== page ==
-Cal Ripken Jr., on his move back to shortstop
Here's an excerpt from the article "Orioles Send Down Bell, Return Ripken to Short," which ran in The Washington Post on March 21, 1989:
"Cal Ripken Jr. accepted his shift back to shortstop today by again emphasizing, 'I'm on record as saying I'll do whatever is best for the ball club. At this time, this is what the club feels is best.'Bell played 113 games for the Orioles over the course of three seasons before being traded to the Phillies in August 1992 for infielder Steve Scarsone, who played 11 games for the Orioles before being traded to the Giants in March 1993 for outfielder Mark Leonard, who played 10 games with the team in 1993 before being released in the offseason.
Thus ends one of the biggest decisions the Baltimore Orioles must make this spring. They announced that rookie shortstop Juan Bell was being sent to the minor leagues, that rookie Craig Worthington had won the third-base job and that Ripken, a six-time all-star at shortstop, was getting back his old position.In the end, it was an easy call. Bell, 20, showed glimpses of defensive brilliance and his .278 batting average surprised almost everyone. But while he showed the ability to make difficult plays look easy, he made six errors in 14 games, many of them on what should have been routine infield outs.
The Orioles believe that with such a young pitching staff, the one thing they don't need is a shaky defense. One thing the Orioles know about Ripken is that he'll make almost all the routine plays, and they believe Worthington will be their best defensive third baseman since Brooks Robinson (35 players have been used there since he retired in 1977)....
Worthington turns 24 next month and comes with an impressive resume. He became the Orioles' brightest young star when he hit .300 with 105 RBI at Class A Hagerstown in 1986. He was jumped -- probably too quickly -- to Rochester in 1987, and last year was the International League's most valuable player with 16 homers and 73 RBI.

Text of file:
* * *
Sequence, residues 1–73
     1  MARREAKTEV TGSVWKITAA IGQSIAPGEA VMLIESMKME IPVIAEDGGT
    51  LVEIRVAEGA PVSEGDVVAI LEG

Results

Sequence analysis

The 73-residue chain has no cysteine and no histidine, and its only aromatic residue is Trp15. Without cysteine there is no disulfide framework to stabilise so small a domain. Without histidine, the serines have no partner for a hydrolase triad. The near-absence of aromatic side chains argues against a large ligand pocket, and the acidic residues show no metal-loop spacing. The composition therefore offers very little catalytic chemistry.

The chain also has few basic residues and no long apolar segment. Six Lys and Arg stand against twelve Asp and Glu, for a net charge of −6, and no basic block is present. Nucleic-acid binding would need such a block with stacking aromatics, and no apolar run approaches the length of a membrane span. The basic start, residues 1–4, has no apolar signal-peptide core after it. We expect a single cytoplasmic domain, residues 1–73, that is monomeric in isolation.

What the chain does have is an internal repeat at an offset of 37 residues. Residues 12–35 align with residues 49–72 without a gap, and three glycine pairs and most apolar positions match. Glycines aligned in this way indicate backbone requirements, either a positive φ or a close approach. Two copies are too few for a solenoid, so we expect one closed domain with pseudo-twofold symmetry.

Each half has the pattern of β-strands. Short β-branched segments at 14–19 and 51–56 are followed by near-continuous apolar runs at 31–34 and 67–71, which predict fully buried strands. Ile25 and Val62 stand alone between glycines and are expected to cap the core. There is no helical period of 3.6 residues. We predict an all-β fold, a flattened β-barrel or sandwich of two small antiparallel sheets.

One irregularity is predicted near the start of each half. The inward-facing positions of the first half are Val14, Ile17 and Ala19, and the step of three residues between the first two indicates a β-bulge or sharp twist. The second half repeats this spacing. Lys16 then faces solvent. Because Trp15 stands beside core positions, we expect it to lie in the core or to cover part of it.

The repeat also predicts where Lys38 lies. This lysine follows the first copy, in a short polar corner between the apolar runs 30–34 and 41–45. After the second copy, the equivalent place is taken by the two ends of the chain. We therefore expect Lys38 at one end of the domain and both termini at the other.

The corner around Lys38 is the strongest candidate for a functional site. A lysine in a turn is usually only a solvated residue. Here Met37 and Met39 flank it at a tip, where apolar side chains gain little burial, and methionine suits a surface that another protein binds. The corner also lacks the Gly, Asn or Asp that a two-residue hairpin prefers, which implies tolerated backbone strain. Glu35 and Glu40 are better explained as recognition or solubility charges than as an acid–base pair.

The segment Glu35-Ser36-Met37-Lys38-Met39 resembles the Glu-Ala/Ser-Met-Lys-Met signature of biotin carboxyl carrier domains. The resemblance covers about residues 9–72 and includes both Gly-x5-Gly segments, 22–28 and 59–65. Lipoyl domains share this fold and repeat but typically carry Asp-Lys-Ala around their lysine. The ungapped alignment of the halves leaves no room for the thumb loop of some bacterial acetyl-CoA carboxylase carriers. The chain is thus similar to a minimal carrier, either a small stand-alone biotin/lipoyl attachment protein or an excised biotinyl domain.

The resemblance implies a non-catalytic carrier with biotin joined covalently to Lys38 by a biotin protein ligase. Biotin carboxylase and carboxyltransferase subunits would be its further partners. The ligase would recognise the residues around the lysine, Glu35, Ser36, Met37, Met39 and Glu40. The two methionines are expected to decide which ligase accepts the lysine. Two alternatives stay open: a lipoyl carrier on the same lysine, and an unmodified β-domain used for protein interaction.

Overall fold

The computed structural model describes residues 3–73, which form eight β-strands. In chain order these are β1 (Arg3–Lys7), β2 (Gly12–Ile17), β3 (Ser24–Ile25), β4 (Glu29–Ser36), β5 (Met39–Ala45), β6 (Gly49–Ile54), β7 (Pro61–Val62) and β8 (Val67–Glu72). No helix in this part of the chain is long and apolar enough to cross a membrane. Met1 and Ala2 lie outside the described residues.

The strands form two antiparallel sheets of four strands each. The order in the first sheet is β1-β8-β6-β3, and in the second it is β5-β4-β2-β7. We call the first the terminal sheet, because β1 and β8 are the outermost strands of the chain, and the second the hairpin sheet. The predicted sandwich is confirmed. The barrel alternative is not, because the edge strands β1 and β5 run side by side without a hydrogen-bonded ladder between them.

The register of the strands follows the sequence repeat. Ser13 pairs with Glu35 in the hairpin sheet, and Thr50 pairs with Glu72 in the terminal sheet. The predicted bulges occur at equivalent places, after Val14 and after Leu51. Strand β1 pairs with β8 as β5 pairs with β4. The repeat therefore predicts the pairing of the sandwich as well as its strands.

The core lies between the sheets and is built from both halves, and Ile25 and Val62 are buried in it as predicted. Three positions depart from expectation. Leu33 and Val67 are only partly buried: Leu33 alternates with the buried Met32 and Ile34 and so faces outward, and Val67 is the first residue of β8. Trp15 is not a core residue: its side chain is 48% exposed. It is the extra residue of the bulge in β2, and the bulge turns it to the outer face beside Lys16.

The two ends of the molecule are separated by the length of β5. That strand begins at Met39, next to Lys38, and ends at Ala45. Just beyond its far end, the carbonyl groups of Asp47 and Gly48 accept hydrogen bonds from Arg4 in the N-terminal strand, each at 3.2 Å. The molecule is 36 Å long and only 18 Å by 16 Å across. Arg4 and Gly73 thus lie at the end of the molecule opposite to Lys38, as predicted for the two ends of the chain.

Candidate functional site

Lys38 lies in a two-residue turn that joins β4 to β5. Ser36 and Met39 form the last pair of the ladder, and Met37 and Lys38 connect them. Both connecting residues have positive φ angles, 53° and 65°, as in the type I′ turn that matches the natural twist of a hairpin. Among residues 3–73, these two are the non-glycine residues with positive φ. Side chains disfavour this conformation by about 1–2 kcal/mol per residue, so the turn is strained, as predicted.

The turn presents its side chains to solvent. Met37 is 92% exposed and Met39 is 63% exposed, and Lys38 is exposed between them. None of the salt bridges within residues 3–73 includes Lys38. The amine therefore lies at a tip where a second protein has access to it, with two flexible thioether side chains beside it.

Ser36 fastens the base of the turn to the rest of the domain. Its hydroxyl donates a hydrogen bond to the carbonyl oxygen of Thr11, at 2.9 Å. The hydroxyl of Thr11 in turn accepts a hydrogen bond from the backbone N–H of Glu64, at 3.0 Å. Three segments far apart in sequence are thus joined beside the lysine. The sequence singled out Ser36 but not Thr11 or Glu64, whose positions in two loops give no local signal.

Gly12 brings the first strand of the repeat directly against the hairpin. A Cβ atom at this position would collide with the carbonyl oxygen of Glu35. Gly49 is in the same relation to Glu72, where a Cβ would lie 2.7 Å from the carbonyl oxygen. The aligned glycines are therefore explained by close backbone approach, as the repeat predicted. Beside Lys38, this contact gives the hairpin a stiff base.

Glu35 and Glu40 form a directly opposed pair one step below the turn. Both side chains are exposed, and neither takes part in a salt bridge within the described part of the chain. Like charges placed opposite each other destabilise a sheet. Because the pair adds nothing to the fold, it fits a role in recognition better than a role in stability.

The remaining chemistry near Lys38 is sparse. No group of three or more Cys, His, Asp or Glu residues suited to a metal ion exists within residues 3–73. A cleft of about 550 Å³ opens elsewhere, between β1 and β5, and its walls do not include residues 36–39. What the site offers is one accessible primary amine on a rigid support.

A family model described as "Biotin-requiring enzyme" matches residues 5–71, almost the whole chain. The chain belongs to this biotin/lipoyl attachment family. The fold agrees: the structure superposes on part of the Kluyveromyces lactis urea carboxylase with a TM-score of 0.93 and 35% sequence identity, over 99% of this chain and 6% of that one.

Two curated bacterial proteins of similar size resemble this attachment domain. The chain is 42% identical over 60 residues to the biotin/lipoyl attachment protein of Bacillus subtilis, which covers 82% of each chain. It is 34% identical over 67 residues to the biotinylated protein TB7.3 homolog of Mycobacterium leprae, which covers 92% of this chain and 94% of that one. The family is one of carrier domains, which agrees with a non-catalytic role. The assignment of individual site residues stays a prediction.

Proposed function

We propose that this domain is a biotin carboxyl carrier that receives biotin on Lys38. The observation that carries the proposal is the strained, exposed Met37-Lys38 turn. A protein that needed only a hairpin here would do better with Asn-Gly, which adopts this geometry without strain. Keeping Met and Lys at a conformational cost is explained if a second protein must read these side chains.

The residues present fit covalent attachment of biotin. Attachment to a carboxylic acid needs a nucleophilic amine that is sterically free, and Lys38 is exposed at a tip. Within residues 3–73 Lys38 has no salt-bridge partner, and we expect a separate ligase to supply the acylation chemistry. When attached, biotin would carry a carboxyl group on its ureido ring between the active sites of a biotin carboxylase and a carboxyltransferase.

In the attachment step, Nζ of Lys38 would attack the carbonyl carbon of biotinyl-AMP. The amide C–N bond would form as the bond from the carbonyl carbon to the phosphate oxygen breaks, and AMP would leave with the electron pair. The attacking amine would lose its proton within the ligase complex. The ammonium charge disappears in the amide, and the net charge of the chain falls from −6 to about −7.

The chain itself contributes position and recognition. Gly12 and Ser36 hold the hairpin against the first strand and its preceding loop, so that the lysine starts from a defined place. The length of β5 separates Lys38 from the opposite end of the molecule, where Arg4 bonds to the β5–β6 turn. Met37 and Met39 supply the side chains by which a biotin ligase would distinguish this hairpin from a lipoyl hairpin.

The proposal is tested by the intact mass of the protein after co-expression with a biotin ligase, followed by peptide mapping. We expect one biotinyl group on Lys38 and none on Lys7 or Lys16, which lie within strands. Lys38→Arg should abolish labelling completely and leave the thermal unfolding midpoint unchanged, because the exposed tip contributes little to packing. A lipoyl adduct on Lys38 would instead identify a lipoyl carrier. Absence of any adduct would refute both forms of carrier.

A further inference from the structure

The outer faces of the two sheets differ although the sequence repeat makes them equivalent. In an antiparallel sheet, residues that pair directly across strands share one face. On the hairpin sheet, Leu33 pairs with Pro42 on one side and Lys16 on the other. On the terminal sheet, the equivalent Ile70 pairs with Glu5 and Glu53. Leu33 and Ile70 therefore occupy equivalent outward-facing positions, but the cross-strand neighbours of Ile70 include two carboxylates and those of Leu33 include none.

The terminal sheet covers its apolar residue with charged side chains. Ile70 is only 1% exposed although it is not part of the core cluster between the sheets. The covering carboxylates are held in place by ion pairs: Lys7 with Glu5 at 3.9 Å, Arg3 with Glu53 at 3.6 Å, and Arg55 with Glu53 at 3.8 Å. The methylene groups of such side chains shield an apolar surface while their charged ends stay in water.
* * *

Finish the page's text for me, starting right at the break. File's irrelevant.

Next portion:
The negatives were that he batted only .244 and struck out 93 times, leading the Orioles to believe he might be a Sal Bando-type hitter: one with a low batting average but a tough out with men on base.
In making the announcement, Robinson went out of his way to thank Ripken for agreeing to the experiment, and indicated that he could be asked to move there again depending on the development of Worthington and Bell.
Ripken agreed, sort of, saying: 'I have mixed feelings about it. I've enjoyed shortstop over the years. I've enjoyed the responsibility, being in the middle of the diamond. I liked it a lot last year, the familiarity between myself and Billy [Ripken] at second base. There are a lot of things shortstop has to offer. I was excited going back to third base this spring. It was fun.'
Of the move back, he said, 'I've never done it before so I don't know how long it's going to take to feel comfortable again. I assume it'll come pretty easily. I'm glad I have the luxury of going back and playing a few games before we go north. The positions are very different. In some respects, spring training is starting all over today.'
He refused to speculate over a future move back to third, saying both positions had pluses.
'I'm not going to get ahead of myself too much and worry about what could happen or what might happen,' he said. 'Just as I took the approach that I made the move to third base as if I were going to play there and this is what I'm preparing for opening day. I knew it could change, but you have to prepare for position your asked to play. I haven't taken one ground ball at short all spring. If something happens, I'll deal with it when it happens.'
Worthington was with the Birds for four seasons, finishing fourth in the Rookie of the Year voting in 1989. He recorded 20 errors in 1989, 18 in 1990. The O's traded Worthington to the Padres in February 1992 along with Tom Martin for Jim Lewis and Steve Martin (the player, not the comedian). The Padres released Worthington one month later. Worthington played for the Indians, Reds, and Rangers, but never tallied more than 36 games in any one season after 1990.
As for Ripken, things turned out pretty well for him at shortstop, and again when he moved to third base, briefly for the Manny Alexander experiment in 1996, and permanently following the acquisition of Mike Bordick in 1997.